Almost half of cyberattacks to Spanish industries can be perpetrated by hackers with low knowledge.
- 84% of attacks are exploitable remotely.
- Only 20% of vulnerabilities require deep knowledge of hacking.
- Only 14% of potential risks are discovered by hardware manufacturers.
Madrid, April 14, 2016. 47% of vulnerabilities in Critical Infrastructures can be overcome by hackers with a low level of specialized knowledge, according to the "Fourth Report on the protection of critical infrastructures" carried out by S2 Grupo, a 100% Spanish company specialized in cybersecurity.
The same study reveals that only 20% of potential attacks on critical infrastructures require a high level of specialized knowledge. The "Fourth Report on Critical Infrastructure Protection" focused on the analysis of industrial process automation systems ICS (Industrial Control System), devices that are currently largely dependent on the Spanish industrial infrastructure, which are very susceptible to receiving cyberattacks.
This type of infrastructure is called "critical" because of the strong socio-economic impact of having a service failure. They also have potentially vulnerable software and hardware by cybercriminals. For its part, 84% of the vulnerabilities analyzed in the ICS can be exploited remotely.
"This is a very high number and it is worrisome, since the attackers do not need to be physically close to the industry they want to hack", says José Rosell, Managing Partner of S2 Grupo. Although most of the vulnerabilities detected by the S2 Grupo report in major industrial control systems manufacturers have patches that reduce insecurity to the "medium risk" category, 43% of the vulnerabilities of the ICSs for which there is still no proposed solution presents a high risk. Higher severity presents the status of hardware or protocol categories, since 86% of potential vulnerabilities do not have a security patch, so the only feasible solution to prevent attacks is to isolate them completely from ICS. In general, the lack of security measures in the form of patches in these computers is due to their long life.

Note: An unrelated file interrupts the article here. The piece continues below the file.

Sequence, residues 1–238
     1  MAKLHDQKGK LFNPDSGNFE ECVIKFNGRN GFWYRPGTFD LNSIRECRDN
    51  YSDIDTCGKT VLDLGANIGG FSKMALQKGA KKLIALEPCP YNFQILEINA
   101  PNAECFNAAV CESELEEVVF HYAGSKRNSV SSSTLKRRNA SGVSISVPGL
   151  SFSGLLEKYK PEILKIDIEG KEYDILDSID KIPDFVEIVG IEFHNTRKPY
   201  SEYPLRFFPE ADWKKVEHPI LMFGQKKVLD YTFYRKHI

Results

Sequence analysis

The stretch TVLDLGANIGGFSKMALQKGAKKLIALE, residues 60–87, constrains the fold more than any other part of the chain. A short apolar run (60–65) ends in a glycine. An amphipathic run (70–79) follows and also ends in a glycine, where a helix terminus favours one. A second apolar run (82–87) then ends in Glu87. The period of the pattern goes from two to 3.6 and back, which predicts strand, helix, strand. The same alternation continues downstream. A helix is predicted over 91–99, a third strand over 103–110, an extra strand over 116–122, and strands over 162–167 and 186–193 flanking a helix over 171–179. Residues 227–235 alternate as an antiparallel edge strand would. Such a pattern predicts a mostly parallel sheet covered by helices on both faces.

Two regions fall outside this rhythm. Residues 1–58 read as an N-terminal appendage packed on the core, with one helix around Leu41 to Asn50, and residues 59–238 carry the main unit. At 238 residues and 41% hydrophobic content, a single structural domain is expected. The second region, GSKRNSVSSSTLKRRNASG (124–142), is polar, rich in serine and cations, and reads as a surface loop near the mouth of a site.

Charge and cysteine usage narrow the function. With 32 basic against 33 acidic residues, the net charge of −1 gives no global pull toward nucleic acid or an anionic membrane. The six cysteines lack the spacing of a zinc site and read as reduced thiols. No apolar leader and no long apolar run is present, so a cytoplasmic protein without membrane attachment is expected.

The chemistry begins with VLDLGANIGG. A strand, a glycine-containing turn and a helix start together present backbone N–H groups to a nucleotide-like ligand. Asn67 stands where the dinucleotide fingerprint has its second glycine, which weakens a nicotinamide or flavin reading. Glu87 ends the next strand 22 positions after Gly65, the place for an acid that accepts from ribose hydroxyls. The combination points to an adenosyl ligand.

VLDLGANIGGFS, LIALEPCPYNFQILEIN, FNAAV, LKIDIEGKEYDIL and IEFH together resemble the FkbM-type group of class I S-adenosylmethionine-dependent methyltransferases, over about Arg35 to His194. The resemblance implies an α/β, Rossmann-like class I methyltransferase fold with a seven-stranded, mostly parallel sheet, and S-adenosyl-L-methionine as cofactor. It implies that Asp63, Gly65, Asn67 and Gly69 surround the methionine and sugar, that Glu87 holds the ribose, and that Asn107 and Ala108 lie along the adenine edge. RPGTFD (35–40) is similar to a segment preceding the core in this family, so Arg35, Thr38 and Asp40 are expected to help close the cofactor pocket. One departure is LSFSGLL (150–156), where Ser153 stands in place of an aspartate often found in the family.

This is because many devices that are active in the market were designed years ago and even decades, so they do not have the means to update their firmware. Intervention by third party specialists Only 14% of the vulnerabilities are discovered by the critical infrastructure hardware manufacturers themselves.
Therefore, it is important to have the intervention of specialists in cybersecurity in the guarantees and maintenance contracts signed with the manufacturers. The risk level of programmable logic controllers (PLCs) is mostly high, at 54%. Almost the other half of the pie, 46% have a low risk, while low-risk PLCs are practically nonexistent.
As for its typology, the most widespread vulnerabilities in critical infrastructures are Denial of Service (DoS), which represent 29% of the total, followed by Authentication / Password Management attacks, which account for 21% of the spectrum analyzed by S2 Grupo. "The investigation of cyberattacks to critical infrastructures is just as incipient as it is necessary. In fact, most of the potential vulnerabilities in ICS are still waiting to be discovered and therefore constitute a latent threat to the users of these systems and the organizations that depend on them", says José M. Rosell.